Maybe it’s a smell? Or a taste? Possibly something tangible like an old toy or stomping grounds? Whatever it is for you, our nostalgic subconscious can be triggered before we even realize what hit us, taking us back to a simpler and sometimes fonder time in our mind.
But what is nostalgia exactly? How did it come to be? Why was it viewed as something bad originally? And why is it so important now that we embrace it now?
Sit back, curl up in a ball and grab your favorite childhood stuffed animal because your mind is about to take a ride back in time.
Back in the 17th century, there was a medical student named Johannes Jofer who coined the term Nostos (meaning homecoming) and Algos (meaning a pain or longing). He had studied a group of ill Swiss mercenaries serving abroad, and he noted that the mercs were being discharged based on physical ailments including fatigue, insomnia, irregular heartbeat, indigestion and more. Only, there didn’t seem to be any external disturbance to cause such affects. Rather, he attributed their conditions as something similar to paranoia, and more specifically a melancholy yearning for a specific object or place – in their case, a desire for their homeland.
Nostalgia the Mental Condition
At that point, Nostos Algos became known as a Swiss condition, that is until migration increased and similar conditions were observed in various groups of people who had been separated from their native place for a long period of time. For nearly three centuries, nostalgia was viewed as a neurological disease and something troubling to undergo. By the 20th century, it was even upgraded to a mental condition similar to depression, and Freudian-esque psychologists penned it as the mind’s unwillingness to let go of childhood, even taking it as far as the desire to return to a fetal state.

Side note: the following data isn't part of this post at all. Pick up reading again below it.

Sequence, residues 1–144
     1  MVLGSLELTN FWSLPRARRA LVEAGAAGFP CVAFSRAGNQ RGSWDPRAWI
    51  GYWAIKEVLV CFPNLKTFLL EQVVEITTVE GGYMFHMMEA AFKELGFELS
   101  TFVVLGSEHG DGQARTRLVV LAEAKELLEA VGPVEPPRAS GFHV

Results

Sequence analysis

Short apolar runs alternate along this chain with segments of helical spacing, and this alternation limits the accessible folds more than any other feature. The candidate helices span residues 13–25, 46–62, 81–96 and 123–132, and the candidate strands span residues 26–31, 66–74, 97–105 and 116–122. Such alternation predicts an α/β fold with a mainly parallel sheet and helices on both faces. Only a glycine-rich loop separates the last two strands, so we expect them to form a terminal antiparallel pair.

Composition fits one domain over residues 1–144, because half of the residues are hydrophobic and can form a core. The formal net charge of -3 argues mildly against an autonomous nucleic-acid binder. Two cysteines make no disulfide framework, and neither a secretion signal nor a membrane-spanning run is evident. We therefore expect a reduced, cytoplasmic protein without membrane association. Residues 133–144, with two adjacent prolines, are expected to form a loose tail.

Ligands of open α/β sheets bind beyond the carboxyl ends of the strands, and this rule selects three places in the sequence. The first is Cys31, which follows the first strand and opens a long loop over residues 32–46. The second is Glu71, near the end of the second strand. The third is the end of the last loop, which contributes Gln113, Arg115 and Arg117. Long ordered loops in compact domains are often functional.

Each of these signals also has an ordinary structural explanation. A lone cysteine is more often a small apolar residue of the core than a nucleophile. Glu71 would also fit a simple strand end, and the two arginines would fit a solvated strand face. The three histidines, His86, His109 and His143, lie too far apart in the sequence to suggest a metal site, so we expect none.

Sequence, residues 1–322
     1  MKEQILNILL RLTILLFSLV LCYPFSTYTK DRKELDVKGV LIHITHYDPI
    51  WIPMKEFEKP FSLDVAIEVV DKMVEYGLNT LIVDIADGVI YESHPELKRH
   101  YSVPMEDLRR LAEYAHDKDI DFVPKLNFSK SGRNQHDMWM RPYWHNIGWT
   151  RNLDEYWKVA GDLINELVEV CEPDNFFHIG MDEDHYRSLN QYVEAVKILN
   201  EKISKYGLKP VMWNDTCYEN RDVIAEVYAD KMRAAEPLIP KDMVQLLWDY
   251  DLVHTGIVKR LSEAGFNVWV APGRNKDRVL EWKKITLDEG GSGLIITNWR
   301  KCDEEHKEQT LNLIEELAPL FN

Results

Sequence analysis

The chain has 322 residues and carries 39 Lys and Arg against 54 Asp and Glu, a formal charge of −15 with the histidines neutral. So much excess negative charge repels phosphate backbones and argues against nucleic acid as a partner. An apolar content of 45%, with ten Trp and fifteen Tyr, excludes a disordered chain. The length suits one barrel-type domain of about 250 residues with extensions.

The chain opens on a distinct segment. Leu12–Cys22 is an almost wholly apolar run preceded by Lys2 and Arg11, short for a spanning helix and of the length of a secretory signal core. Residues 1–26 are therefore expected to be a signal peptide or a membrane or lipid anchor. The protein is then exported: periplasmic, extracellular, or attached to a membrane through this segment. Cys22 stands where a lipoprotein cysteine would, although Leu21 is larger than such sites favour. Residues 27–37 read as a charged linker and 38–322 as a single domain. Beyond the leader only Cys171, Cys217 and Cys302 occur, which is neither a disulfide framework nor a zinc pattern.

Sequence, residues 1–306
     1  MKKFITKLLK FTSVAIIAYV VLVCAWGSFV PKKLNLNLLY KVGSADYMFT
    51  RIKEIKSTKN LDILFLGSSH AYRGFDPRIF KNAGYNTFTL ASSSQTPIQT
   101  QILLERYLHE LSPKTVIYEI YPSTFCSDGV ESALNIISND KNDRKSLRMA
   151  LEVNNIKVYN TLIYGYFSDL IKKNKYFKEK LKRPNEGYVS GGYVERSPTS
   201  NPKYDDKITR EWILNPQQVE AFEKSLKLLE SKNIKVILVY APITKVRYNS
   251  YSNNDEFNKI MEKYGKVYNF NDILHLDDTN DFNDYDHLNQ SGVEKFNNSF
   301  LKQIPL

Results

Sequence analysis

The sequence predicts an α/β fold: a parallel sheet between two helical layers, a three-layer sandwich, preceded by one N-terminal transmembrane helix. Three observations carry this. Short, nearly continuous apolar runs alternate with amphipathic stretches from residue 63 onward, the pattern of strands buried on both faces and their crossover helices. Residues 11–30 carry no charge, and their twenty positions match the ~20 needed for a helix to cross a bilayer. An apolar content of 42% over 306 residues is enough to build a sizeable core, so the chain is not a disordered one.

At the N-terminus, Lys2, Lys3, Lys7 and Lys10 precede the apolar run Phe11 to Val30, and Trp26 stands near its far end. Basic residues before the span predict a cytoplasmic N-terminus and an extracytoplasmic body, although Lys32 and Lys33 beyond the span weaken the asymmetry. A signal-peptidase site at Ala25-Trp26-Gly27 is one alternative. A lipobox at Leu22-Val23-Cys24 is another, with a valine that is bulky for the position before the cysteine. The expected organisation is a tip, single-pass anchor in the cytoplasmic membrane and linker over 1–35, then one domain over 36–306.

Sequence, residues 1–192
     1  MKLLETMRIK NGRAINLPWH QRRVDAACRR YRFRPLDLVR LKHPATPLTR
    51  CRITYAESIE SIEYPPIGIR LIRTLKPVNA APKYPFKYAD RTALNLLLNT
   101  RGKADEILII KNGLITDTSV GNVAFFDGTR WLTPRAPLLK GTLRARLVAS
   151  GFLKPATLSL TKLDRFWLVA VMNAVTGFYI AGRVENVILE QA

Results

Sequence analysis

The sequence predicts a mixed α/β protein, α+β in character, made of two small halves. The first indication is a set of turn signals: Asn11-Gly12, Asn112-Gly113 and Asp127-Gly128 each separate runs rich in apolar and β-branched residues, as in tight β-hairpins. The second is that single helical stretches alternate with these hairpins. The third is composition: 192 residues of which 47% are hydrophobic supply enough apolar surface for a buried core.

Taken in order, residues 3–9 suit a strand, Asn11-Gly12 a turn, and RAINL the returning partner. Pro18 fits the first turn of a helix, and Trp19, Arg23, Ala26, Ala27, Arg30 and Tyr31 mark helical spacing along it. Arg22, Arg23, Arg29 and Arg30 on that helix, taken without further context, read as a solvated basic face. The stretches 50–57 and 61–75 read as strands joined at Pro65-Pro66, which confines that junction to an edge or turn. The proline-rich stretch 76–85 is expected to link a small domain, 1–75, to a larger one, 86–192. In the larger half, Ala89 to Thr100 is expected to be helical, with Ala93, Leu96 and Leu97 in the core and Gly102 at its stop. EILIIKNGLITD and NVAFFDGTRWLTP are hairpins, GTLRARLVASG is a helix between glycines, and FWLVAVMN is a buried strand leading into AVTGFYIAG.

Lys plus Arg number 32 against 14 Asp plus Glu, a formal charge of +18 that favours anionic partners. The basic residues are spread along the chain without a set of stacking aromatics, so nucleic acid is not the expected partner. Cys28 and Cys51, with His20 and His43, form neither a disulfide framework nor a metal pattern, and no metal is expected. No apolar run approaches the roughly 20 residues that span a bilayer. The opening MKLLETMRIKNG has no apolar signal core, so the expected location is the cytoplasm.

A Pleasant Look Back
But, like several other ailments and conditions, all that was really needed was simply more research. And after a few more decades of studying nostalgia and its affects, its perception changed in two huge ways. First, it’s meaning changed from home sickness to a more general yearning for the past. And secondly and more significantly, it was dropped as a disease and became viewed as a pleasant experience.
But why? Well, it’s because people who “suffered” from nostalgia were actually proven to show health-induced benefits, including:
- A boost in psychological wellbeing
- Increased feelings of self-esteem
- A greater sense of self belonging
- Psychological growth
- Increased charitable actions
Benefiting On Memories
Psychologists for centuries had seen nostalgia as a cause of mental distress, when all along it had actually been quite the opposite – a restorative way of coping with mental distress and improving personal wellbeing. It became so widely accepted and studied that nostalgia can be seen everywhere by today’s marketing standards. Just take a quick glance at the latest movie releases, band anniversary album tours, throwback fashion and more.
In fact, memories don’t have to simply be associated with vague mental recollections. After all, old photo albums and home videos are great examples of tangible vehicles of nostalgia, but they are in danger of fading from existence. At Southtree, our professionals can digitize your old analog media (pictures, film, audio cassettes and more), converting them to DVD, thumb drive and the cloud, so that your lifetime of nostalgia lasts for generations to come.
While it was once seen as a “condition” of being stuck in the past, research has proven that isn’t what nostalgia is about or how it works. Instead, nostalgia is one of the best personal tools to help us remember that our lives can have meaning and value by giving us the confidence and motivation to face the challenges of the future by embracing the past.